Superman then treats Supergirl as a tag-a-long and tells her a highly subjective version of the previous issue’s events, when she ended up being instrumental in halting the threat of Warworld. Here, Superman’s arrogant willfulness sees him spit in the eye of God Almighty. The irrationality inherent in Supergirl’s plight aside, how could he think a battle with the Spectre could be wrapped up in time to be of help? I can’t think of a single story arc that better exemplifies the concept of “Superdickery.”

Anj: Interesting take and one I probably missed because of my Supergirl slant. I always want to see the best in Superman when he interacts with Supergirl since so many of his stories with her involve him either exiling, disparaging, or fighting her.

His extreme chest-thumping in this story is a consistent theme here and this scene really is no different.

Anj: When Superman simply won’t listen to the Spectre, the Agent of the Voice decides that it is time for some old-fashioned education. Effortlessly he grabs Superman and sends him into a warped world where those hard lessons will be taught.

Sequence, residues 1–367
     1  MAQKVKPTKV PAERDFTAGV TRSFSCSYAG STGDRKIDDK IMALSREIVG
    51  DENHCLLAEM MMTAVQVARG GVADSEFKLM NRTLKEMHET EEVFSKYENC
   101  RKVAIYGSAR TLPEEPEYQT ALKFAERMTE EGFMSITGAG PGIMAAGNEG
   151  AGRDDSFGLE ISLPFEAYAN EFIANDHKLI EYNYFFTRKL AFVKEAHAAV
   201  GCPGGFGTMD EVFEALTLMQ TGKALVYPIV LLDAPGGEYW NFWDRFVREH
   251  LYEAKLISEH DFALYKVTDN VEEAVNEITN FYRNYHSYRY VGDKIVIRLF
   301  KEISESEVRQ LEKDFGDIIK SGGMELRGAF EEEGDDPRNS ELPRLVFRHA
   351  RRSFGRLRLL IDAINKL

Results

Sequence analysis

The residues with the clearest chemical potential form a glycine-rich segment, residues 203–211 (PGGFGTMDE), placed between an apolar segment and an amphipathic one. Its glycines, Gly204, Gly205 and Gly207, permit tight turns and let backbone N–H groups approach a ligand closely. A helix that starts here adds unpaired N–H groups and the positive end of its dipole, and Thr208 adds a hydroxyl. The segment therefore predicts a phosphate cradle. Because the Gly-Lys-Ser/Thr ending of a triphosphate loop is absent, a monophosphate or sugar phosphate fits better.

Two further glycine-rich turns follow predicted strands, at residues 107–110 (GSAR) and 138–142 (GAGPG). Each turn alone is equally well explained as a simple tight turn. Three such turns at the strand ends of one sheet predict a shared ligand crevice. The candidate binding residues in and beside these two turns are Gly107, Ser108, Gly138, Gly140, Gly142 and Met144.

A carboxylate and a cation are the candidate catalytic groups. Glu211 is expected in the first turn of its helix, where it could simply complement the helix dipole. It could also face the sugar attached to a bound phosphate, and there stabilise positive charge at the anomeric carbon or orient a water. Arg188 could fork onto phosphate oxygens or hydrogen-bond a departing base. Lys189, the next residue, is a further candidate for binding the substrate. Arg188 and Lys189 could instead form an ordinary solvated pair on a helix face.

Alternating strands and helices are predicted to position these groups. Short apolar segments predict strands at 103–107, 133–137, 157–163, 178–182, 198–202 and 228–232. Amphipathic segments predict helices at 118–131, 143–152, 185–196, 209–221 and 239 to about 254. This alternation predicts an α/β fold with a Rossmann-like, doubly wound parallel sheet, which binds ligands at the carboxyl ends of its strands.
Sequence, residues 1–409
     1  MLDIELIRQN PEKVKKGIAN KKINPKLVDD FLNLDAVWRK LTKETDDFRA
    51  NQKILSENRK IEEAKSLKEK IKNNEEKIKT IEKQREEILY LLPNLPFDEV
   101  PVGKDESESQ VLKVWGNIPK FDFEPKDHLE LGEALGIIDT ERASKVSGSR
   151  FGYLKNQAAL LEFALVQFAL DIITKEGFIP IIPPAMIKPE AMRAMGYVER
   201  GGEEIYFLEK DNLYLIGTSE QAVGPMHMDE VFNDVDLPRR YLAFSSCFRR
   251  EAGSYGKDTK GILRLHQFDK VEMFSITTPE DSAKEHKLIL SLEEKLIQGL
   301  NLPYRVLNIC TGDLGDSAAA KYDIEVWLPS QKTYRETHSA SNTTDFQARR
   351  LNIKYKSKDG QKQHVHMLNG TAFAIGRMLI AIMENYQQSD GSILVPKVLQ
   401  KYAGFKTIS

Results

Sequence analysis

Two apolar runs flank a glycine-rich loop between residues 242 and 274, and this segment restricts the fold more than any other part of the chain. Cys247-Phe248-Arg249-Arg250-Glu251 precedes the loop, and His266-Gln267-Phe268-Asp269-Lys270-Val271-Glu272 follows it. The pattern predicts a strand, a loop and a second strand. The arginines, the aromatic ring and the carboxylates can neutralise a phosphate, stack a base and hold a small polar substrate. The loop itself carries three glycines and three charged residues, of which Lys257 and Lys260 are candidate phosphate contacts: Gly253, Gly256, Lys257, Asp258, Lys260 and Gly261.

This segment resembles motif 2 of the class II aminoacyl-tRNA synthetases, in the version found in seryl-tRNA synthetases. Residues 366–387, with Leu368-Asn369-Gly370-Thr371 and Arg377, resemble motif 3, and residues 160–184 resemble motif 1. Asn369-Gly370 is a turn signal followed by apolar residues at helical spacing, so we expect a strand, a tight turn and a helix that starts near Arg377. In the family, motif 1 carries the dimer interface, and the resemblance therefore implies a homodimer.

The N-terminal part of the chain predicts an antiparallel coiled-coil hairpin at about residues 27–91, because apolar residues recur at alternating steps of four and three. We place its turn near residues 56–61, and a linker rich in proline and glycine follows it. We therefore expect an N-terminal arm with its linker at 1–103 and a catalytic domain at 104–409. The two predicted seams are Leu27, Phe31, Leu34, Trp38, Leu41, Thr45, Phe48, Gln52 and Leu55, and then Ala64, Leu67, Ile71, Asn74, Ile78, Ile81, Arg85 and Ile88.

And I thought the lessons were classic Spectre, a hint of ‘let the punishment fit the crime’ irony here much like in those Fleisher issues. In those issues villains pay the ultimate price for their crimes … a murderous barber is cut in half by giant scissors, a woman obsessed with beauty is aged until she becomes dust, etc.

Frank: For its time, that material was as twisted as anything out there. Harlan Ellison said as much, calling Michael Fleisher a madman in an interview, and inviting an equally insane lawsuit from the writer. Comics are a crazy place.

Anj: And so Superman has to be taught about the limits of power.

First, he is set before a small Krypton, about to explode. Despite all his power, Superman cannot even stop this Krypton from exploding.

Frank: Symbolism aside, you can’t “hug it out” with an exploding world. His moobs alone would take out the Northern Hemisphere of Krypton.

Anj: (laughing)

Anj: And next, he can’t stop Death from mowing down Pa Kent again. I have to say when I read this issue as a kid, this scene creeped me out to no end. It was a simpler time.

But I thought these were great scabs for the Spectre to pick at, probably the two biggest failures of the Silver Age Superman (although admittedly, I never liked the ‘Superman tries to save Krypton’ stories). This is psychological warfare, the cruelest lessons that can be taught.